On the fateful day of March 16, the crew came upon members of Charlie company killing unarmed Vietnamese civilians at the hamlet known as My Lai 4. Thompson landed the helicopter between unarmed villagers and American troops, and ordered Colburn and Andreotta to cover him. Trent Angers, the biographer who wrote The Forgotten Hero of My Lai: The Hugh Thompson Story, noted that Colburn "stood up, shoulder to shoulder with Hugh and Glenn, to oppose and stand down against those who were committing crimes against humanity. Without his assistance, Hugh might not have done what he did."
Thirty years later, Colburn and Thompson were awarded the Soldier's Medal, the United States Army's highest award for bravery not involving direct contact with the enemy. At the same time, a posthumous medal was also awarded to Andreotta. "It was the ability to do the right thing even at the risk of their personal safety that guided these soldiers to do what they did," Major General Michael Ackerman said at the 1998 ceremony. Senator Max Cleland (D-GA) also entered a tribute to Thompson, Colburn and Andreotta into the record of the U.S. Senate. Cleland said the three men were "true examples of American patriotism at its finest." Colburn and Thompson were also nominated for the Nobel Peace Prize in 2001 for their actions.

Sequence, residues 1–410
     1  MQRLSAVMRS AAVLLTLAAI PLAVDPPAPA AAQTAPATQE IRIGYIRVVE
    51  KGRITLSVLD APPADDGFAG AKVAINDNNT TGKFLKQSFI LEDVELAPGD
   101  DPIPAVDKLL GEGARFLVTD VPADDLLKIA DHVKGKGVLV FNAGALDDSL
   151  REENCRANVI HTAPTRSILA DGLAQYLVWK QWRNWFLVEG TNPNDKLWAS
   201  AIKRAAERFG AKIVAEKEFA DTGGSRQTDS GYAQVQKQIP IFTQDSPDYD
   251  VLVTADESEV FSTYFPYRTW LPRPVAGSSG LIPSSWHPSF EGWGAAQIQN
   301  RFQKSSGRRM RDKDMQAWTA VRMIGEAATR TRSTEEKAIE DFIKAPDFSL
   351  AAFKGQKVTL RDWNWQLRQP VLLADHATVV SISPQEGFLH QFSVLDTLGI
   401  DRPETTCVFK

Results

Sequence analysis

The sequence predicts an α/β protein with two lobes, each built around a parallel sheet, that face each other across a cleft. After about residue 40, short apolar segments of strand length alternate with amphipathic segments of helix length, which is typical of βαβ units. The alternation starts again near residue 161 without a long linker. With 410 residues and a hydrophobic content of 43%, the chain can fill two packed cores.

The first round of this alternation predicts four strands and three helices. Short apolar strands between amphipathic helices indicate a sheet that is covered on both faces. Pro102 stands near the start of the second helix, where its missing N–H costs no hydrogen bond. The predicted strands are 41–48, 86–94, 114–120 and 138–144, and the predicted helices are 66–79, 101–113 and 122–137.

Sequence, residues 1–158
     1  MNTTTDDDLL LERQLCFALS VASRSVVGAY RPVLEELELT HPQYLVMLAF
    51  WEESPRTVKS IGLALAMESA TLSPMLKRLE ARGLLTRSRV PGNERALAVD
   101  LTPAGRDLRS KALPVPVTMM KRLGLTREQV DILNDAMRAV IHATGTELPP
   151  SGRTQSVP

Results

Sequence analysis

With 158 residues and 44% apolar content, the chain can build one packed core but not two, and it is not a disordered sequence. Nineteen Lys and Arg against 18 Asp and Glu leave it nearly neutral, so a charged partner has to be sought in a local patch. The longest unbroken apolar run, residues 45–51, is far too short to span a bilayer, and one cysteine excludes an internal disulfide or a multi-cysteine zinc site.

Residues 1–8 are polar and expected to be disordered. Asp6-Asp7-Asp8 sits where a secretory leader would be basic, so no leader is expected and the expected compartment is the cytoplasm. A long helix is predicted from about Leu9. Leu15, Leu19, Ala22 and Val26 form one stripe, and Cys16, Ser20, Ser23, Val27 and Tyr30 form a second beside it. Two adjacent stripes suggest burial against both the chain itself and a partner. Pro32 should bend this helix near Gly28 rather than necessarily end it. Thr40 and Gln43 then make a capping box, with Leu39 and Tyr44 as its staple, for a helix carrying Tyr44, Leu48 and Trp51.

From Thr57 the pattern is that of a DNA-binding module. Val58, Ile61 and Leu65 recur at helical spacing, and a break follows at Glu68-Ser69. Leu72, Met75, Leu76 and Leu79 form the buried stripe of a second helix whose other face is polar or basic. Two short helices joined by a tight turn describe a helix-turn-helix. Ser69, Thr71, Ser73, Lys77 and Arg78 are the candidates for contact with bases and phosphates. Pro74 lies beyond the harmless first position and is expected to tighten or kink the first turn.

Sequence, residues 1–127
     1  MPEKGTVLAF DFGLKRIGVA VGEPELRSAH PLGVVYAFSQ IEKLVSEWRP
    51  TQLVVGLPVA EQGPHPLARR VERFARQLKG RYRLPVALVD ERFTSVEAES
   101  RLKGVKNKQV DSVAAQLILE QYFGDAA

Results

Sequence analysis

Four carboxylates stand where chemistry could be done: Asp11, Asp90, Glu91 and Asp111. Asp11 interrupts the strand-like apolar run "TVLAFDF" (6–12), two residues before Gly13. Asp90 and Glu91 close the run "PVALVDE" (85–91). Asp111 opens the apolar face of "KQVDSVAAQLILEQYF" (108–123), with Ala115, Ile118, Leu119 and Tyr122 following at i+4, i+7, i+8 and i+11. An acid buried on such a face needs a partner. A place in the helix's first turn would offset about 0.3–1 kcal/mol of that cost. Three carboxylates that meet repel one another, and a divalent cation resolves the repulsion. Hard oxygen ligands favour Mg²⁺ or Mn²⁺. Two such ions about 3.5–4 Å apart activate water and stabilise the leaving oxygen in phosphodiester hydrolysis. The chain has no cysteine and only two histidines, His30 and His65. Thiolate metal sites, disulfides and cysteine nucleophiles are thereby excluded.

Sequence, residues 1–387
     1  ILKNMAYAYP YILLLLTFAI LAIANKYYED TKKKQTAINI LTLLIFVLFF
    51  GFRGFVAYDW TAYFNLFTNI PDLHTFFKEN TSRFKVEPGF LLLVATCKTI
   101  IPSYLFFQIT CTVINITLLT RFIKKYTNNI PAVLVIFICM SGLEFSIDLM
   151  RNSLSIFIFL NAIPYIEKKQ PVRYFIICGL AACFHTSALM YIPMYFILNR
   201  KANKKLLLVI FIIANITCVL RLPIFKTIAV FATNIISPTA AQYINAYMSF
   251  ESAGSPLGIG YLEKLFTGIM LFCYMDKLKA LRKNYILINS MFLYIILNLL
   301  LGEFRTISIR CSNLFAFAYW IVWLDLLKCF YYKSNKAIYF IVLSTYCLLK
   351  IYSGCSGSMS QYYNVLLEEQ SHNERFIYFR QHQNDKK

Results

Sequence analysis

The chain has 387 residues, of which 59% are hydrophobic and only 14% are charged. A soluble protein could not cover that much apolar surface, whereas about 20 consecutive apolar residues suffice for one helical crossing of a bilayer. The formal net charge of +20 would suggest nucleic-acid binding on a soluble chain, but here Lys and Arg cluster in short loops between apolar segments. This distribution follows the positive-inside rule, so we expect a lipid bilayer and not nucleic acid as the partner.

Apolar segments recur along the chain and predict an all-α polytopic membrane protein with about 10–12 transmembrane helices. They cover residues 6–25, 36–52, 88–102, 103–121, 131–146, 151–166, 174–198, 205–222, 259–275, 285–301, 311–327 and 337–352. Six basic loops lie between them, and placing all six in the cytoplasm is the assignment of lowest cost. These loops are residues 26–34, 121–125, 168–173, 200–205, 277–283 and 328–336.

After living a quiet life in retirement, Colburn died at the age of 67 of cancer on December 13. For more on his story, see this Military.com article.
Best known as Punky Brewster's cantankerous foster father and the comically clueless Commandant Eric Lassard in the Police Academy movie series, George Gaynes had a personal military history that could easily have been classified as "too crazy to be true." Born as George Jongejans to a Dutch father and Russian mother in Finland, Gaynes was a classically trained opera singer making a living in in France when the Germans invaded in 1940. Upon escaping the occupying German forces, he was arrested by the Francoist Spain police in the Pyrennes. After being released in 1942, Gaynes made his way to Britain, where he enlisted in the Royal Netherlands Navy. Because of his skills with languages (he spoke Dutch, English, French, Italian and Russian), he was detached to the Royal Navy in 1943 as a translator assigned to the convoy commodore HMS Hilary, which eventually took part in the Allied invasion of Sicily later that year. Later Gaynes was assigned to the destroyer HMS Wilton, which participated in the Battle of Anzio in 1944, and was promoted to Sergeant (Petty officer, 1st class).
After he was honorably discharged from the Royal Netherlands Navy in 1946, he returned to France, where a chance encounter with a Broadway director led him to the US. He became an American citizen and carved out a steady career as a theater and TV actor, becoming a regular on such enduring soap operas as Search for Tomorrow and General Hospital. (His naval experience came in handy for his first film role, a bit part in the movie about John F. Kennedy's naval career, PT 109.) His acting resume received a shot in the arm when he played the lecherous soap opera actor in the Oscar-winning Dustin Hoffman comedy Tootsie in 1982, opening the door to his well-known roles in Police Academy and Punky Brewster.
Gaynes passed away at his home in North Bend, Washington early this year at the ripe old age of 98. Said his agent Jonathan Howard, "The last couple times I got in touch with him, even in his 90s, he was always happy to take the call and consider something… He was really one of the true gentlemen in this business and was working steadily for 50 years or more. A sad, sad loss. But he had a really long, great life."